Ha! Bait title!
Here are some sound personal finance wisdom I’ve picked up along the way, in no particular order.
1) Don’t fly a ship you can’t afford to replace.
From Eve Online (aka Spreadsheets in space) and is probably the first thing older players will tell new players. Basically, if you can’t afford to buy two of the thing, don’t buy one in the first place. It’s a good rule to live by, which is precisely why it’s hard to live by.
2) An asset is something that puts money in your pocket. A liability is something that takes money out of your pocket.
From Rich Dad, Poor Dad by Robert Kiyosaki. If there’s anything in the book you should take away, this is it. It is an oversimplification but it should be enough for quick assessments when you’re not sure if a thing is an asset or a liability. If an “investment” doesn’t pass this acid test, then it’s most likely a liability, no matter how persuasive the salesperson in front of you is.
3) Only budget money you currently have.
Rule number 1 of YNAB. (I’m currently on the free trial, hoping for a discount in the next 7 days.) You only get to spend money that you do have. No matter how it feels, credit card is not free money.
4) You can’t improve things you don’t keep track of.
Mostly related to weight loss and exercise, but totally applicable in personal finance. How can you budget properly if you don’t know where you’re spending your money?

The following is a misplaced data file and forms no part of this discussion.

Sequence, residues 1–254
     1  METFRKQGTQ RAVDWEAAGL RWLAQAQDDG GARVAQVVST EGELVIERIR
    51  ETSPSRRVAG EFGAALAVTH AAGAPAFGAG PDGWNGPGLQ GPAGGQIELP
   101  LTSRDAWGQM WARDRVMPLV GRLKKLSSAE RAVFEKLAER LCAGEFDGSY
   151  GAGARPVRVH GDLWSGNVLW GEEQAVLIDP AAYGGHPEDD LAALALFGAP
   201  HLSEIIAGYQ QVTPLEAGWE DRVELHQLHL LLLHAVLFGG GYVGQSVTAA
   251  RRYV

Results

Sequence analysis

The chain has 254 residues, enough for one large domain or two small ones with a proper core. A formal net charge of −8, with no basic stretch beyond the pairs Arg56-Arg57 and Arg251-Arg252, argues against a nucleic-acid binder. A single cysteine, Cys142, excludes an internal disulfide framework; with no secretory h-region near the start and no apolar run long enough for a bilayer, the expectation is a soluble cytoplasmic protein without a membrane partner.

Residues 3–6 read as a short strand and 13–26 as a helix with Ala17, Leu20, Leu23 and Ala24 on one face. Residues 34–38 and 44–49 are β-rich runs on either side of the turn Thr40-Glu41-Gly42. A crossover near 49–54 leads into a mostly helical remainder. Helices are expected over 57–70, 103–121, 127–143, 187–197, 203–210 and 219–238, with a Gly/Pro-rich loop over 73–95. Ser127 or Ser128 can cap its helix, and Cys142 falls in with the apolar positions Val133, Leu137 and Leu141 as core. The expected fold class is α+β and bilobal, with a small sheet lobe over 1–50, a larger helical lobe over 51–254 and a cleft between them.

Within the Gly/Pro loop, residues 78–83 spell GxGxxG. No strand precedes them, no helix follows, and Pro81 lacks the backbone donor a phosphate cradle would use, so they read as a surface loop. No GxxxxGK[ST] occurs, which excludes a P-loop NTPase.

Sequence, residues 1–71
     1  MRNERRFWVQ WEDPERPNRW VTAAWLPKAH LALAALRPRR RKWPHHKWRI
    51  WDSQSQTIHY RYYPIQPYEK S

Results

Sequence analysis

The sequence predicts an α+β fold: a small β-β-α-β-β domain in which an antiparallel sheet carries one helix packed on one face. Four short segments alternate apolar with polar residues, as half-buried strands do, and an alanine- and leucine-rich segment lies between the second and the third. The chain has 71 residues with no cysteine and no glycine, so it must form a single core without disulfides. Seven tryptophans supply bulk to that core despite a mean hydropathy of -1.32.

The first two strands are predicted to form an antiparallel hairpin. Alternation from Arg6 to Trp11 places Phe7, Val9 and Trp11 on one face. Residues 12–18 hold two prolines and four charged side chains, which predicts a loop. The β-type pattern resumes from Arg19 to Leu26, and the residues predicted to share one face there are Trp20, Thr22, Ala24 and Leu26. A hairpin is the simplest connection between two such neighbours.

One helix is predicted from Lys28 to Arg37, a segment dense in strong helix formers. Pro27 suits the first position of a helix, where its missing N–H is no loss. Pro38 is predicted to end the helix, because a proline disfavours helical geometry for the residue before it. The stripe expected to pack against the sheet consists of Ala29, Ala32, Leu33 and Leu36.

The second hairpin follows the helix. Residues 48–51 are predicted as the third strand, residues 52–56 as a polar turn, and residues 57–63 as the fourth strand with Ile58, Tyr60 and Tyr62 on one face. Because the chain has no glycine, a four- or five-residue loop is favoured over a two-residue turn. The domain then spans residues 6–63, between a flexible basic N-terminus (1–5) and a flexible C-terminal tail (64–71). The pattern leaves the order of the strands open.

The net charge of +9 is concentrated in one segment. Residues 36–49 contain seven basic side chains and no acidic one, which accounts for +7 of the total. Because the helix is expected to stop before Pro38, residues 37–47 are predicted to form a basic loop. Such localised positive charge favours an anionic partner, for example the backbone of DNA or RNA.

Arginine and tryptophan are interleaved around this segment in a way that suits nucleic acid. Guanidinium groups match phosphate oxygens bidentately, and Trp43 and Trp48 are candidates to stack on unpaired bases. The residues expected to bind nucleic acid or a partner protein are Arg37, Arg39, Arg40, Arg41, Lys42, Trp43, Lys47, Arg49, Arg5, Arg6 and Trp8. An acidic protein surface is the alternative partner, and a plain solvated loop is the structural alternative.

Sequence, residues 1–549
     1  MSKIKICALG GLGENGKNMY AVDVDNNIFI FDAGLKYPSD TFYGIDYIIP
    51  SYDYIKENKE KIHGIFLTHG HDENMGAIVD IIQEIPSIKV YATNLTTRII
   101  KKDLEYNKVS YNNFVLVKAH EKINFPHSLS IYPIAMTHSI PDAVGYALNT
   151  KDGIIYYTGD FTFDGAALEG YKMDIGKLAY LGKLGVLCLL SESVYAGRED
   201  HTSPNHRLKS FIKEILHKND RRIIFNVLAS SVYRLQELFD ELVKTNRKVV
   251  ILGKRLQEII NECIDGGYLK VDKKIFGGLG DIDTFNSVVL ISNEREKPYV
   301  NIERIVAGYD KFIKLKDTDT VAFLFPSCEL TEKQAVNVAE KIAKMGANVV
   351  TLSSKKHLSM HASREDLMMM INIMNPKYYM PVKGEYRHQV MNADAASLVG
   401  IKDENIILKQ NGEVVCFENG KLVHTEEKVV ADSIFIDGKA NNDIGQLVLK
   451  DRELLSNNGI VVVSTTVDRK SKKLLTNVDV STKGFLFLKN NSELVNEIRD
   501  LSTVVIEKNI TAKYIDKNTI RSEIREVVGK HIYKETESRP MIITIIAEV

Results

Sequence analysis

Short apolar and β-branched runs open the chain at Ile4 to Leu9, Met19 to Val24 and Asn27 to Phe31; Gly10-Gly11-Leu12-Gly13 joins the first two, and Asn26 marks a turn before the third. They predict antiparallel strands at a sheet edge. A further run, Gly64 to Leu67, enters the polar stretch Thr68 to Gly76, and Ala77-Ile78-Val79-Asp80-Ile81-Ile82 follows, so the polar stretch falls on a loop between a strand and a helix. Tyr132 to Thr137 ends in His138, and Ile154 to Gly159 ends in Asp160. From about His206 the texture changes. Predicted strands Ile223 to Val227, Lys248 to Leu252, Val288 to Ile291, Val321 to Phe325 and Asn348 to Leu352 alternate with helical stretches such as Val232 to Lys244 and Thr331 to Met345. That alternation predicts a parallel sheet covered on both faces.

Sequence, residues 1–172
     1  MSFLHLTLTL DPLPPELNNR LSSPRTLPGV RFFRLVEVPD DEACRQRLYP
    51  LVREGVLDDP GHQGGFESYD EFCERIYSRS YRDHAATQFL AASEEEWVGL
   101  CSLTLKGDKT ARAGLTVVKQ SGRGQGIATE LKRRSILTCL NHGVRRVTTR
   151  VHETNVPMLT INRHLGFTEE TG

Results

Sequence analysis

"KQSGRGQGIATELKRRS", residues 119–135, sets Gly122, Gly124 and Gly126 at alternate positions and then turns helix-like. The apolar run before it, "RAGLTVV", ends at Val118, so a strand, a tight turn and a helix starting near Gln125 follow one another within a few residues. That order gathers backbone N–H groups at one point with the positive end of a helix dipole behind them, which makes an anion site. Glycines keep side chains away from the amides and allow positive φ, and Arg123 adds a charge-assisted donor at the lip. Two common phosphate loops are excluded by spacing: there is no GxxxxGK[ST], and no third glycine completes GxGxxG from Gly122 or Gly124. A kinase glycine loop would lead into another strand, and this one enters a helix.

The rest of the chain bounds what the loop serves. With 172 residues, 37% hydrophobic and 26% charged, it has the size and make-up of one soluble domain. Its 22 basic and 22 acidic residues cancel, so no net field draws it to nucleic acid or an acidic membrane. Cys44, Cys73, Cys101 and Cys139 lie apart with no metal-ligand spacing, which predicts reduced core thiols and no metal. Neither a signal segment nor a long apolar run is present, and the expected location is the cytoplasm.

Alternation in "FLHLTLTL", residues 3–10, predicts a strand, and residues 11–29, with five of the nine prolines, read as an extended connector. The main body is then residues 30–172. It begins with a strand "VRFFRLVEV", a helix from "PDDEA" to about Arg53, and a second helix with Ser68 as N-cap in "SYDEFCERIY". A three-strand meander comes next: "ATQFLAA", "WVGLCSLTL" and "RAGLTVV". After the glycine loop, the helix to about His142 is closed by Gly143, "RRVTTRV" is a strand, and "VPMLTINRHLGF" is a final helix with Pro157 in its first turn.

5) Income – Savings = Expenses
As opposed to Income = Expenses + Savings. This highlights that you should set aside for savings first, before spending the rest of your money.
6) Cheap, Fast, Easy/Good: Pick 2.
This is true for software projects and this is true just about anywhere. Realize that people will be willing to pay if you can either save them time or save them effort.
7) Opportunity cost and sunk cost
I’ve written about opportunity cost. Sunk cost goes like this: I gave you Php 100 and you spent Php 20. Any future spending decision should be made as if I just gave you Php 80. The Php 20 you spent is now irrelevant. Sunk cost is interesting because keeping this concept in mind helps remove emotions from any financial decision.
These are principles I’ve put into place, mentally, such that when I have to make a financial decision, I only need to consult these principles and see if spending on something is compatible with my internal spending principles. There are loopholes in there if you look close enough, but for most of the time, these will suffice.
Up next, I’ll write about the tools that I use to keep track of my finances.